By: Roberta Smith
NY Times, Jan 9, 2014
Unfinished paintings are enticing cracks in the facade of art history, lures along the path to a deeper understanding of artistic processes and impulses. For all the paintings that artists complete, countless others are left incomplete for any number of reasons — poverty or war, a change of plan or vision, the illness or death of the artist. While many of these works have been destroyed, and others forgotten, some are now recognized as significant works of art, accorded a special place in history and in an artist’s body of work, in part because they can bring us closer to understanding the mysterious process of painting, and, indeed, to painting’s future. After all, nothing inspires a young artist like a close look at how an earlier one worked.
I started thinking about unfinished canvases on my first, euphoric visit to the Metropolitan Museum of Art’s reconfigured galleries of European paintings last spring. Everything seemed new, even paintings I had seen scores of times. That’s how I came to be transfixed by Jean-Baptiste Greuze’s “Aegina Visited by Jupiter,” specifically by a striking mass of loose, brushy gray hovering above the reclining, mostly nude form, a cloud that would have done Monet proud. I consulted the label, which explained that that portion of the painting was unfinished.
Unfinished paintings can feel contemporary because the history of Western painting is to some extent about an ever-increasing unfinishedness and loosening of surface. Think of the progression from the startling exactitude of van Eyck and the velvety brushiness of Titian to the painterly roughness of the Impressionists.
Additionally, unfinished paintings are mysterious, even eliciting a slight sense of voyeurism, since we are looking at things that were supposed to be covered over but in the end were not. What halted their progress besides death, some loss of interest or failure of ambition? Perhaps it was the feeling, conscious or not, that the work was actually finished and would be recognized as such by coming generations?
Keith Christiansen, chairman of the Met’s European paintings department, told me that Pliny wrote of painters and sculptors signing their work “faciebat” instead of “fecit” — that is, “Apelles was doing this” instead of “Apelles did this” — and that Titian and Michelangelo both used the former at least once.
The surfaces of paintings in the Met’s galleries of 19th-century art hide less and less from us. Increasingly assertive brushwork is the rule. There are, of course, those who remained loyal to tighter, more academic rendering, or took it to breathtaking extremes. Such is the case in Gallery 801 with “Odalisque in Grisaille,” painted by the master of smooth, Jean-August-Dominique Ingres (and his workshop), between 1824 and 1834. A smaller, more simplified version of Ingres’s imperious “Grande Odalisque” (1814), which is in the Louvre, this work is so precise it resembles a photograph. Yet, unbelievably, it is unfinished. Look closely, and you’ll see signs of relative roughness in the sketchy foreground and dappled background, with the inner portion of the gleaming silk curtain at the right giving some notion of Ingres’s idea of finished.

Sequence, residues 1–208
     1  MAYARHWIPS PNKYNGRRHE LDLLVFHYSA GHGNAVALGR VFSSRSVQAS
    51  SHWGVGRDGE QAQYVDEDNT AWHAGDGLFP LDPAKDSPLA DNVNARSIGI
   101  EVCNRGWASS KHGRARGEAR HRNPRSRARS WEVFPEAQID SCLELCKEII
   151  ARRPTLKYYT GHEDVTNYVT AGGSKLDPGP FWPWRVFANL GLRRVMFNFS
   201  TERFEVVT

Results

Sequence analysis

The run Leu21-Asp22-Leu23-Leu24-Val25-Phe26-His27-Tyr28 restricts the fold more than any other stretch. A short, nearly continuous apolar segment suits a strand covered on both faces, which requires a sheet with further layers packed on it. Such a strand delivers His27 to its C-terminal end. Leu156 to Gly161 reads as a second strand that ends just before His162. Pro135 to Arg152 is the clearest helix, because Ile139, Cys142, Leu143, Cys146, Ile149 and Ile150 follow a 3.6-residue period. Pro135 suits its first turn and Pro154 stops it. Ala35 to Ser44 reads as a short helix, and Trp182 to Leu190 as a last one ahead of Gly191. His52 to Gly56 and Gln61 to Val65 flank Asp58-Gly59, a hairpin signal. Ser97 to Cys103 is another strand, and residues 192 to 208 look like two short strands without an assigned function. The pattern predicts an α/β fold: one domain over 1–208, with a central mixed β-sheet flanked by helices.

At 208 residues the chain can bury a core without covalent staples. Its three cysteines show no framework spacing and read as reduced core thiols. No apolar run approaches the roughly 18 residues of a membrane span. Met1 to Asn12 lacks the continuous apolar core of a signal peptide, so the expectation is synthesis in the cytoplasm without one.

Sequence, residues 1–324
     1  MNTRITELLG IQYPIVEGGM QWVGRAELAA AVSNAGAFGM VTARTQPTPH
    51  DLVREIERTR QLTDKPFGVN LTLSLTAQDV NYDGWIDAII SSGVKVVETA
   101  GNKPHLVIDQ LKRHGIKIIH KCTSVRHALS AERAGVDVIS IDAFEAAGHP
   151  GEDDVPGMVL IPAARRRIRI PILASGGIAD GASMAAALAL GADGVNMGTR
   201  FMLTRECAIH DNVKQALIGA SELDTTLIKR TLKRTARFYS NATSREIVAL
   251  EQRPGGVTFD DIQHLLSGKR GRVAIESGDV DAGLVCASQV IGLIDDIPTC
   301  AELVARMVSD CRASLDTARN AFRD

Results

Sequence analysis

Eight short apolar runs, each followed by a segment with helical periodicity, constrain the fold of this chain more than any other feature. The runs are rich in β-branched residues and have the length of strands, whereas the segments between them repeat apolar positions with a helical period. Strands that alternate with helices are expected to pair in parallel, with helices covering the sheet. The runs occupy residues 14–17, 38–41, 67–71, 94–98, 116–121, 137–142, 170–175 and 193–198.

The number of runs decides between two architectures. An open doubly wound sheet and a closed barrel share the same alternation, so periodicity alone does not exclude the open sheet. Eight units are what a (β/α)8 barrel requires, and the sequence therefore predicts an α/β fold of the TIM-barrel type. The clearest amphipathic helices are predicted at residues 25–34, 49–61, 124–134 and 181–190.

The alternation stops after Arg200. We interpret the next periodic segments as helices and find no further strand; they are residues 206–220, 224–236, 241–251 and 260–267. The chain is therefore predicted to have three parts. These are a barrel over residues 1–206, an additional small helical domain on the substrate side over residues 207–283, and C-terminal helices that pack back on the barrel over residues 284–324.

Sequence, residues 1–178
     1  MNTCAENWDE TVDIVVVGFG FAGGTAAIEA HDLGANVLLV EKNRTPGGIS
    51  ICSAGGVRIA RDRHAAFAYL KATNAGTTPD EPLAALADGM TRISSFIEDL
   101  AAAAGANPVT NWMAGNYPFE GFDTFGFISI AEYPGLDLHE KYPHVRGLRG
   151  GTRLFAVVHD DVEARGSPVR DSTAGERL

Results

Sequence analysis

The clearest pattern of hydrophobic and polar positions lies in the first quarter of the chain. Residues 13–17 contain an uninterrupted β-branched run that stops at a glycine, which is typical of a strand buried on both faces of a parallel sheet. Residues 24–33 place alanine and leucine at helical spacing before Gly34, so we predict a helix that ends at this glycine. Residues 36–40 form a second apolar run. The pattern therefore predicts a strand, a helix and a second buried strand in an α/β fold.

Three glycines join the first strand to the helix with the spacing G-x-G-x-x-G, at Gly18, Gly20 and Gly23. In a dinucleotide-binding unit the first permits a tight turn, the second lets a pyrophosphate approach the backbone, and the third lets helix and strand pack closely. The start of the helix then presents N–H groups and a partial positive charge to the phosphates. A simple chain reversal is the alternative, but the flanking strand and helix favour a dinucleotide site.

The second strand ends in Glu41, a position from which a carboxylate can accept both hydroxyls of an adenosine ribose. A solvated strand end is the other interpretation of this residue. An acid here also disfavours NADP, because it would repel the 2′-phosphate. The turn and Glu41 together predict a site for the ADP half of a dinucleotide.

Gallery 802 contains a beautiful monster of unfinishedness by the landscape painter Théodore Rousseau. Measuring over 5 feet high and 8 feet across, “The Forest in Winter Sunset” sits in the center of a long wall devoted to the artist’s work. Rousseau began the canvas in 1846, when he was in his mid-30s, but despite the urgings of friends, it remained unfinished at his death in 1867. Whether he continued to work on it until then is not known.
It is mainly a welter of roughly rendered trees in dark brown and black for a dense screen of trunks and bare branches that blocks out all but a few vividly orange embers of the dying sun. The sky is a feeble ocher and gray that might be preparing to snow, laid on in broad strokes. This is an extremely assured work, one that presages not only the Impressionists but also Abstract Expressionist painters like Pollock and Still. You wonder if Rousseau had an inkling of how advanced it was and left it alone.
In Gallery 815, you’ll find two unfinished works by Edgar Degas, a male nude from 1856 that becomes increasingly blocked in as you move from the highly finished head and shoulders toward the feet, and the sublime “Madame Théodore Gobillard (Yves Morisot, 1838-1893),” a portrait of the sister of the painter Berthe Morisot seated indoors. The Met considers the portrait unfinished, although the artist’s signature could be read as an intention to redefine what “finished” looks like. Except for a patch of brightly painted garden visible through a door in the background, the image is a delightfully thin skin of black, gray and white, brushed on casually but with unerring accuracy. Economical use is made of negative areas (the sitter’s hands and arms, visible through chiffon sleeves), while boldness prevails elsewhere (in the dress itself, in the broad sofas and in the heavily framed mirror). The head is an exquisite bit of underdrawing.
To get a sense of what it would have taken to finish this work according to more conventional definitions, you have but to walk into the next gallery, 810, make a sharp right and study Degas’s “Portrait of a Woman in Gray” from around 1865. What a difference. Degas seems to have decided that with Madame Gobillard, less was more.